George Clooney as Mr. Fox
Meryl Streep as Mrs. Fox
Jason Schwartzman as Ash
Bill Murray as Badger
Wally Wolodarsky as Kylie
Eric Anderson as Kristofferson
Michael Gambon as Franklin Bean
Willem Dafoe as Rat
Owen Wilson as Coach Skip
For the first twenty minutes or so “Fantastic Mr. Fox” struggles slightly. The traditional looking, and slightly staccato animation jars somewhat when compared to other stop-motion animated films like “Coraline” or “The Corpse Bride.” At the same time, Anderson’s story, at least early on in the film, bares more resemblance to his previous work than it does Roald Dahl’s book.
Mr. Fox is middle aged, unhappy with his job and desperate to re-capture his youth. His son dresses as a super hero, struggles to live up to his father’s sporting achievements and resents his cousin, who is athletically and socially superior to him, while the supporting cast are a collection of awkward misfits, working as estate agents, lawyers and pediatricians.
It makes sense that Anderson added these sub plots to the story, but it does lead one to ask why the production company bothered to purchase the rights to “Fantastic Mr. Fox” instead of simply making an original feature with new characters.
That said, when the film does eventually find it’s flow it is great fun. There are wonderful slapstick flourishes in the animation that were absolutely hilarious, and suit Anderson’s style down to the ground. This is enhanced by how perfectly the animated characters marry with the actors’ vocal performances. This is particularly true for Michael Gambon’s portrayal of the psychotic Bean, and Willem Dafoe’s Rat, both of whom ooze menace every second they are on screen.
A recurring theme throughout the movie is the rhyme ‘Boggis, Bunce and Bean.’ Initially used to describe the three antagonists, towards the end of the film it becomes the soundtrack to their demise. The clever use of songs to advance the plot also provides us with one of the most enjoyable scenes in the entire feature, where a Lennon-esque singer narrates the actions of Fox and his associates, while at the same time the animation temporarily becomes stylized and increasingly surreal.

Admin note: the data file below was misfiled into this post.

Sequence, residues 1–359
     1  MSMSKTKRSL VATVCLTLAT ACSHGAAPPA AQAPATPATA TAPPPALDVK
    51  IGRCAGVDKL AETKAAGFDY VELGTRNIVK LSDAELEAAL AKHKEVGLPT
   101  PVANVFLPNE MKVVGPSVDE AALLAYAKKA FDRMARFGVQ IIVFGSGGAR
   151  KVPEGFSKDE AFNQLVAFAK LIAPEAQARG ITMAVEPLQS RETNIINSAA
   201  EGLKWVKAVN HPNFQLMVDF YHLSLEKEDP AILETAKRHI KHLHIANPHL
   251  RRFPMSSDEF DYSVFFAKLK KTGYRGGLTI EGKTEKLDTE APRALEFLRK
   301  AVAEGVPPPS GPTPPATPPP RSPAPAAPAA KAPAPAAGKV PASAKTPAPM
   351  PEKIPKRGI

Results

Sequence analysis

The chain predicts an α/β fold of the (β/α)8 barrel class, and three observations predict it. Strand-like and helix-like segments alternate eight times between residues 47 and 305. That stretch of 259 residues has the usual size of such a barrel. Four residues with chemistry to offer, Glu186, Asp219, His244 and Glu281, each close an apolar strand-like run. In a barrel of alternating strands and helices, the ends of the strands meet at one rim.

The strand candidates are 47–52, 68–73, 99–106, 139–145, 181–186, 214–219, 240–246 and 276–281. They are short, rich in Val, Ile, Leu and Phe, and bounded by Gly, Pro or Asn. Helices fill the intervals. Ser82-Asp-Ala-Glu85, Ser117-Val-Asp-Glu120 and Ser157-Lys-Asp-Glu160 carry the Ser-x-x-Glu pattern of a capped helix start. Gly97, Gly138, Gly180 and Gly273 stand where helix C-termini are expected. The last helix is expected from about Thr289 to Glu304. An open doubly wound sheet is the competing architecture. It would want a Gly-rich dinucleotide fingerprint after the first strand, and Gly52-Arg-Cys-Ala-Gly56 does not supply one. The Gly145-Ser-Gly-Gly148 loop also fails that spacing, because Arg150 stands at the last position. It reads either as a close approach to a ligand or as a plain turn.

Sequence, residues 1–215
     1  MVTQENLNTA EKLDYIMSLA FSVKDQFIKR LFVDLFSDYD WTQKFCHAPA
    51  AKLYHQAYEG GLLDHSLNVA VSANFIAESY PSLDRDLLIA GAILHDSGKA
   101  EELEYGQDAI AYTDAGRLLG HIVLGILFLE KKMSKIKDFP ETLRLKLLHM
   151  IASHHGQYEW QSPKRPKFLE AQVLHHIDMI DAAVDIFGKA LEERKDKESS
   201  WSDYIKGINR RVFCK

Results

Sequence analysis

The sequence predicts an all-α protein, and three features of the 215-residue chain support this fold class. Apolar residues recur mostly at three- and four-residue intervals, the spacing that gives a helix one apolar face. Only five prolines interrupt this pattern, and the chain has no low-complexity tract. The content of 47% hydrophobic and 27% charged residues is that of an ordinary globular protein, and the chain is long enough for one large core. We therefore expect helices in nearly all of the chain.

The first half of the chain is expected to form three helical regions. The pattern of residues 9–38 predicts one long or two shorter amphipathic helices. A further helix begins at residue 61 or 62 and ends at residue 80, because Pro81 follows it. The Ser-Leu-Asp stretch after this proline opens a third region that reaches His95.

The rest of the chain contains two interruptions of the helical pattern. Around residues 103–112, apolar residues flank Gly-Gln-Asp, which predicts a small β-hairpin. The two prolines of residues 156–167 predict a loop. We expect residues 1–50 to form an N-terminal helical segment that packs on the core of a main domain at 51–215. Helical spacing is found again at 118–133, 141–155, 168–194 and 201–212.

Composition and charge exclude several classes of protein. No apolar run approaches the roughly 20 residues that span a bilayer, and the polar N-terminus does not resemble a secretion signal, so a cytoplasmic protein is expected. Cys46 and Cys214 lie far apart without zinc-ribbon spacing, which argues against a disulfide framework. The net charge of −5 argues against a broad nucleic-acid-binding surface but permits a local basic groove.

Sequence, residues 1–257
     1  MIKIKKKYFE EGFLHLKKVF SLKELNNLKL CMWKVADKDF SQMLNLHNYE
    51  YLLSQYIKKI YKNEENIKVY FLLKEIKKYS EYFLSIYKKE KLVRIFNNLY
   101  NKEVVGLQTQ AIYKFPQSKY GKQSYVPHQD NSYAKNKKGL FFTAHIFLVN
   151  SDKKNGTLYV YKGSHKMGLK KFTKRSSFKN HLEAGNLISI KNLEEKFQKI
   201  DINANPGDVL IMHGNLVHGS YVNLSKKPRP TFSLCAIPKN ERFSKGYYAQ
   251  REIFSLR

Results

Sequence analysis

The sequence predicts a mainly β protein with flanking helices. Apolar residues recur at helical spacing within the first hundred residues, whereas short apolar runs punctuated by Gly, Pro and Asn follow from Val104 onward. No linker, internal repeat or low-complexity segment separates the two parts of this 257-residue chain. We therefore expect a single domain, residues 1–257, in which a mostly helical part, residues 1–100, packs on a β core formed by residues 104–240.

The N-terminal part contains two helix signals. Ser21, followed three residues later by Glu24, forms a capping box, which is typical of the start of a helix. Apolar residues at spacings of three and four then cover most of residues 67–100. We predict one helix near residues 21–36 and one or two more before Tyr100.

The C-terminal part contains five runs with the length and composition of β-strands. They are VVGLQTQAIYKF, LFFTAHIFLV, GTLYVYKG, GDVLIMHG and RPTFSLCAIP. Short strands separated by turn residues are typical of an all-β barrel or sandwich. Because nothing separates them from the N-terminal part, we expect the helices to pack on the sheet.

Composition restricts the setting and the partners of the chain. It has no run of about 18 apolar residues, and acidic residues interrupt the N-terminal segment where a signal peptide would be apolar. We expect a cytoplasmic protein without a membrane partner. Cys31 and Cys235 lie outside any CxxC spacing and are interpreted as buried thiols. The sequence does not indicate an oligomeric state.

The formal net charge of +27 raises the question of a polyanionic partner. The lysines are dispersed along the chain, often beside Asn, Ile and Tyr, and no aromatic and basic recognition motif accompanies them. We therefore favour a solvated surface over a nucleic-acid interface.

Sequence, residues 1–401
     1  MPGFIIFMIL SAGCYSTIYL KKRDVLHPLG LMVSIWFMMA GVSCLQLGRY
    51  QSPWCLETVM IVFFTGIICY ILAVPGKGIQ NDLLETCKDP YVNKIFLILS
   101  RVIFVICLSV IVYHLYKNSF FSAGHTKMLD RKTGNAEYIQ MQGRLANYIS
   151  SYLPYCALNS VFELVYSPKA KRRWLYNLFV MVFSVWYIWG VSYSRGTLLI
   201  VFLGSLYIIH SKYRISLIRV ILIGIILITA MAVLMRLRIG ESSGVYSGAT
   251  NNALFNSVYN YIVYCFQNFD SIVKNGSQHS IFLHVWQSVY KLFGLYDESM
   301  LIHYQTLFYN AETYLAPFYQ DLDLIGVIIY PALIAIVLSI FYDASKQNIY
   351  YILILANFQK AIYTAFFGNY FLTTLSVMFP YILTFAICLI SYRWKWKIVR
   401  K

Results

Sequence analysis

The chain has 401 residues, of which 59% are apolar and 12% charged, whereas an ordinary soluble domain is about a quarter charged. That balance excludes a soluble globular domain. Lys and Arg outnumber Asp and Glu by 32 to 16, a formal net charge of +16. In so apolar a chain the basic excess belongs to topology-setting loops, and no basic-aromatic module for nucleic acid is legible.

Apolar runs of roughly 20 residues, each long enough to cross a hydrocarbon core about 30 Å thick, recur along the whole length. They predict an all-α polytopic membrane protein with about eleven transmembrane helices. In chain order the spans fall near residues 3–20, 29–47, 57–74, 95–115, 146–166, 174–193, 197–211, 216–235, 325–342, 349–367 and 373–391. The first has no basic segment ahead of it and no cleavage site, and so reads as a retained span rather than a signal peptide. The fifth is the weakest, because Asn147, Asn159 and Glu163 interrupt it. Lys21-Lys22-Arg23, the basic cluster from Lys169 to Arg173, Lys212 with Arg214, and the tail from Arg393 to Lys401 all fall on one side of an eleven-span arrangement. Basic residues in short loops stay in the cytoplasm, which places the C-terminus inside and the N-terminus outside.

The film is far from perfect, and in places it can’t quite live up to its promise. While Anderson has clearly made this for the same audience as “Rushmore” and “The Darjeeling Limited,” he has had to make concessions to the children who will be in the audience with them, and while many of these work, particularly some of the more frenetic animated sequences, one in particular falls flat.
Throughout the film, Anderson has replaced any obscenities that would appear in the character’s dialogue with the word ‘cuss.’ While this is a clever way to avoid a PG-13 rating, it is also an object lesson in why more attention should be paid by censors to context rather than the word used. Not only did it temporarily eject the viewer from the world the film had created, but it also seemed entirely inappropriate for a film where much of the audience would be young children.
That flaw aside, “Fantastic Mr. Fox” is a hugely enjoyable film that combines the highly stylized worlds of Wes Anderson and Roald Dahl perfectly. While it may frustrate those who expect a straight adaptation of the book, the fast pace and quick wit of the film should satisfy most viewers, even if they aren’t fans of Anderson’s previous work.